While Smith assessed that McVeigh’s trajectory to the Oklahoma City bombing radiated, in part, from the bomber's childhood encounters with bullies, Smith determined that McVeigh’s radicalization began in earnest with his experiences in the Persian Gulf War. But warning signs emerged even before his 1988 Army enlistment. As detailed by his biographers, Lou Michel and Dan Herbeck, McVeigh, having dropped out of a two-year business college, pursued a course of “self-education” largely by turning to “the literature of the rugged, fiercely independent gun culture.” Such reading eventually led McVeigh to the notorious novel The Turner Diaries. Written by the late William Pierce—a former physics professor who founded the neo-Nazi organization, National Alliance—The Turner Diaries presents a future highlighted by government oppression, firearm confiscation, and a heroic apocalyptic race war that ultimately restores America’s “greatness” at the expense of “non-whites” and “white race traitors.” Described by the psychiatrist Robert Jay Lifton as “guru in literary form,” The Turner Diaries served as a conduit to McVeigh’s later anti-government and conspiratorial views; however, it was the book's focus on draconian gun laws that initially caught McVeigh’s attention.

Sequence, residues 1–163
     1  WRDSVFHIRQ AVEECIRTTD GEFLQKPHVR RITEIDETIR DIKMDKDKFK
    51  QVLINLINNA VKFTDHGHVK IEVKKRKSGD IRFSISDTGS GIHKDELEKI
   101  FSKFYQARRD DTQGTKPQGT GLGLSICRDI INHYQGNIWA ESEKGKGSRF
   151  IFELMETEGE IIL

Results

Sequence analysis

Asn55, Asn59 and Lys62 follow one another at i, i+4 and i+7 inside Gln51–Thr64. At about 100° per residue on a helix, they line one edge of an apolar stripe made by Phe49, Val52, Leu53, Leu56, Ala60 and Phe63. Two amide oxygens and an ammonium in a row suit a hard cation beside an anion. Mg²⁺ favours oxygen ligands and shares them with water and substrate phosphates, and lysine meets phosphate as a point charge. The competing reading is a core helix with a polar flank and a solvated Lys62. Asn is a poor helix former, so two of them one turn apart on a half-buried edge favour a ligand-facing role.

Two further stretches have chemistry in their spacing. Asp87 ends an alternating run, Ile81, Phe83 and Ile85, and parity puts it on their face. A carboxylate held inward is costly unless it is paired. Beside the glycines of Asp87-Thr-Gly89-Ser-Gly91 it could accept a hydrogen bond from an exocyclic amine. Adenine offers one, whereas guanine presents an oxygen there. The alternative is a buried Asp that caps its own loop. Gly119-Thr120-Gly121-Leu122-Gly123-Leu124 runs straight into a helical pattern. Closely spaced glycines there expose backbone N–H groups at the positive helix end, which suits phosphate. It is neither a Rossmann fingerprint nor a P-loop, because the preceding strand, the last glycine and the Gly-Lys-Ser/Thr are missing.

McVeigh reportedly had a copy of The Turner Diaries with him when he arrived in Saudi Arabia with his Army unit in early January 1991. When the ground offensive began six weeks later, McVeigh’s role as gunner for an M2 Bradley Fighting Vehicle was to eliminate enemy positions before they could initiate firing. On day two of the four-day assault, McVeigh killed two Iraqi soldiers with a single round at a distance of 1,000 yards. For that he was awarded the Bronze Star. (In total, McVeigh garnered five medals for his service in Iraq.) But his war experiences left McVeigh deeply shaken and, even before he returned to the US, he became convinced that the government had deceived him and his country about the war’s justification. After returning home from the war, McVeigh delved ever deeper into gun culture, immersing himself in materials depicting the “New World Order,” a supranational omnipotent cabal that sought to disarm the American public as a prelude to complete control.